Thalidomide, a sedative and a drug used to alleviate pregnant women’s morning sickness back in 1950s and 60s, has been placed back into the spotlight.
This is after the recent death of Dr. William McBride, the Australian obstetrician and scientist who uncovered the dangerous side effects of the drug.
It was later discovered that women who took the drug during early pregnancy increased their risk of having a child born with phocomelia or malformed limbs.
For a few years, the drug became widely used around the world particularly in Australia, Japan and Europe.
An estimated 10,000 children around the world were born with physical abnormalities during this time.
It was Dr. McBride who first exposed the link between thalidomide and children born with phocomelia back in 1961, when he published his findings in The Lancet medical journal, stating:
“Congenital abnormalities are present in approximately 1.5 per cent of babies. In recent months I have observed that the incidence of multiple severe abnormalities in babies delivered of women who were given the drug thalidomide (‘Distaval’) during pregnancy, as an anti-emetic or as a sedative, to be almost 20 per cent.”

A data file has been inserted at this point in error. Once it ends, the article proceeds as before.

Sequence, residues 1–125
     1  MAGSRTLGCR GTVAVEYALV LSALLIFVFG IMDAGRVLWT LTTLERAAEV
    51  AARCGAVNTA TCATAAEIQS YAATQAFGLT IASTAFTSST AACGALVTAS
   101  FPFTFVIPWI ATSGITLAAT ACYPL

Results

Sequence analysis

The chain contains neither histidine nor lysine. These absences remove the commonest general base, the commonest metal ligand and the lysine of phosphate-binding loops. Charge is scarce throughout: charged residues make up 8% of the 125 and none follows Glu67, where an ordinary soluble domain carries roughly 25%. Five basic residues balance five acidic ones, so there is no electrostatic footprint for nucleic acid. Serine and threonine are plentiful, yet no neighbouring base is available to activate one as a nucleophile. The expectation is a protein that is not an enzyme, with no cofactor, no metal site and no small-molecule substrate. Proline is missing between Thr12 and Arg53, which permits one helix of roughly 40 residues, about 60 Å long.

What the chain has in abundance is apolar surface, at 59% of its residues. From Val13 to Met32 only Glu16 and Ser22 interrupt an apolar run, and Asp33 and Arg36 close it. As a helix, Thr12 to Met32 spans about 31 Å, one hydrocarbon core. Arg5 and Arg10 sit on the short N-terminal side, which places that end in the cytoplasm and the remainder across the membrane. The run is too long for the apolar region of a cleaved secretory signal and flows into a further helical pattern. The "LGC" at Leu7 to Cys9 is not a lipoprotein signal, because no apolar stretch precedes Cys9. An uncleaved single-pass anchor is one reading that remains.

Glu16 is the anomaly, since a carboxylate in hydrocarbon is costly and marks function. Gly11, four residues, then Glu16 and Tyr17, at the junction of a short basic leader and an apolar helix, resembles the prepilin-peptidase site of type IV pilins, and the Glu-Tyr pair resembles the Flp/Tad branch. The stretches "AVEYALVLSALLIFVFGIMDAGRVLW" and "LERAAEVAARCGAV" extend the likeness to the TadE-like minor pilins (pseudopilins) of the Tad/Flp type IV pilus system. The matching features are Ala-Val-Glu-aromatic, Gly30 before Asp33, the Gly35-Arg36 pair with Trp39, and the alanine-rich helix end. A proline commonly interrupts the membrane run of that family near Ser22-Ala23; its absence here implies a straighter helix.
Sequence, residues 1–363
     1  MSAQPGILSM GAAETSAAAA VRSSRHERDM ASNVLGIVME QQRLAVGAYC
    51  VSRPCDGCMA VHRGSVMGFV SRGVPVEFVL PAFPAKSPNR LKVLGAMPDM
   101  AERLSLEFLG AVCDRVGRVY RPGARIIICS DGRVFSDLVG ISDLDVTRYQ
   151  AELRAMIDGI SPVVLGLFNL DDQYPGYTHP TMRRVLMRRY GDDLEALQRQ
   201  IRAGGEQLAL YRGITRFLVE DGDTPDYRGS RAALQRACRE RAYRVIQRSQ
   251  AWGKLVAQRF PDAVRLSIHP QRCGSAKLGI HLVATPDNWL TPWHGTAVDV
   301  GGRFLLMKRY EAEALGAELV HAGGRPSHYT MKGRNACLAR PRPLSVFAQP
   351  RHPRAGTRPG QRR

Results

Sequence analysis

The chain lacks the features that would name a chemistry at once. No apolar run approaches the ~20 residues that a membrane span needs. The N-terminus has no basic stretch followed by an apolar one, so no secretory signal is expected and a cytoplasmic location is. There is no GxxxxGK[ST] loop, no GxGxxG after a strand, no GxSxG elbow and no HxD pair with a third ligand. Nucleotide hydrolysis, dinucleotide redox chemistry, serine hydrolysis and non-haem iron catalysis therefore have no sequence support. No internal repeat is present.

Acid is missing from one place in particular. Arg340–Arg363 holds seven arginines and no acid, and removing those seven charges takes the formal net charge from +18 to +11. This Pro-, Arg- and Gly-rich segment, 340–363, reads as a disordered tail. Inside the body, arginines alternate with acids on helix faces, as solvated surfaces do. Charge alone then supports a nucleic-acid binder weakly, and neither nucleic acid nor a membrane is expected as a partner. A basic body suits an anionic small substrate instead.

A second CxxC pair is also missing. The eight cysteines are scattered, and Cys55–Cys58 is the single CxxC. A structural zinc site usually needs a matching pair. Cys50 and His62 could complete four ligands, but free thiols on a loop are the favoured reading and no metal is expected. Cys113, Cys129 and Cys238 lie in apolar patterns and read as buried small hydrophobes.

Still, questions poured in on whether Dr. McBride really deserved the credit or not.
“This was the first published notification of concern, but the reality was that a nurse at Crown Street [Women’s Hospital] had noticed a few babies being born with limb defects,” said Norman Swan from ABC RN’s Health Report.
“They were mostly, if not all, Dr McBride’s patients — and the only thing she could put it down to was that Dr McBride had started prescribing thalidomide as an anti-nausea drug when the other obstetricians hadn’t.”
In spite of this controversy, Dr. McBride raised awareness on the effects of thalidomide.
The drug was taken off shelves in Australia in 1961, but has been used to treat rare diseases, such as bone marrow conditions and leprosy since 2001.
In 2003, the Therapeutic Goods Administration (TGA) approved the use of thalidomide.
Thalidomide is now being used as a treatment for multiple myeloma and leprosy.